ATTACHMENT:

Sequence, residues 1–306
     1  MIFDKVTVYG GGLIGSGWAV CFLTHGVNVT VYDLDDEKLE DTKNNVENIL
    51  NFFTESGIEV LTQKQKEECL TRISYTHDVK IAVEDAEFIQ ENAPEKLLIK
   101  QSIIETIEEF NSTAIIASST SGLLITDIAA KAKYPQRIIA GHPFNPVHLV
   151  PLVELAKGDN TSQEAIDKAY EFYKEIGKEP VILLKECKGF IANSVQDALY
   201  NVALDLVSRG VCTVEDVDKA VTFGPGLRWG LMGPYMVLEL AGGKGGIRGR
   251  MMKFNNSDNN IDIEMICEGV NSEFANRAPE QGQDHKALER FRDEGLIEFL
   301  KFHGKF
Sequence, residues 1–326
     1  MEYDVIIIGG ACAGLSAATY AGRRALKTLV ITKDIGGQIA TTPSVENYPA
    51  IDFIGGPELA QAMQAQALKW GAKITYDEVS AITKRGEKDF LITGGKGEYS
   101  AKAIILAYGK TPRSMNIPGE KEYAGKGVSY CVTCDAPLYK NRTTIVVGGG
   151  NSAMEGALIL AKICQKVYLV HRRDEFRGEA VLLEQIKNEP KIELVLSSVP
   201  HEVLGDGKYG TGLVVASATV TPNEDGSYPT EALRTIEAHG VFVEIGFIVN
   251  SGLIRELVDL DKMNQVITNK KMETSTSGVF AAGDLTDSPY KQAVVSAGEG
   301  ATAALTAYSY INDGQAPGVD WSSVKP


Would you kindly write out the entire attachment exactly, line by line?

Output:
Sequence, residues 1–306
     1  MIFDKVTVYG GGLIGSGWAV CFLTHGVNVT VYDLDDEKLE DTKNNVENIL
    51  NFFTESGIEV LTQKQKEECL TRISYTHDVK IAVEDAEFIQ ENAPEKLLIK
   101  QSIIETIEEF NSTAIIASST SGLLITDIAA KAKYPQRIIA GHPFNPVHLV
   151  PLVELAKGDN TSQEAIDKAY EFYKEIGKEP VILLKECKGF IANSVQDALY
   201  NVALDLVSRG VCTVEDVDKA VTFGPGLRWG LMGPYMVLEL AGGKGGIRGR
   251  MMKFNNSDNN IDIEMICEGV NSEFANRAPE QGQDHKALER FRDEGLIEFL
   301  KFHGKF
Sequence, residues 1–326
     1  MEYDVIIIGG ACAGLSAATY AGRRALKTLV ITKDIGGQIA TTPSVENYPA
    51  IDFIGGPELA QAMQAQALKW GAKITYDEVS AITKRGEKDF LITGGKGEYS
   101  AKAIILAYGK TPRSMNIPGE KEYAGKGVSY CVTCDAPLYK NRTTIVVGGG
   151  NSAMEGALIL AKICQKVYLV HRRDEFRGEA VLLEQIKNEP KIELVLSSVP
   201  HEVLGDGKYG TGLVVASATV TPNEDGSYPT EALRTIEAHG VFVEIGFIVN
   251  SGLIRELVDL DKMNQVITNK KMETSTSGVF AAGDLTDSPY KQAVVSAGEG
   301  ATAALTAYSY INDGQAPGVD WSSVKP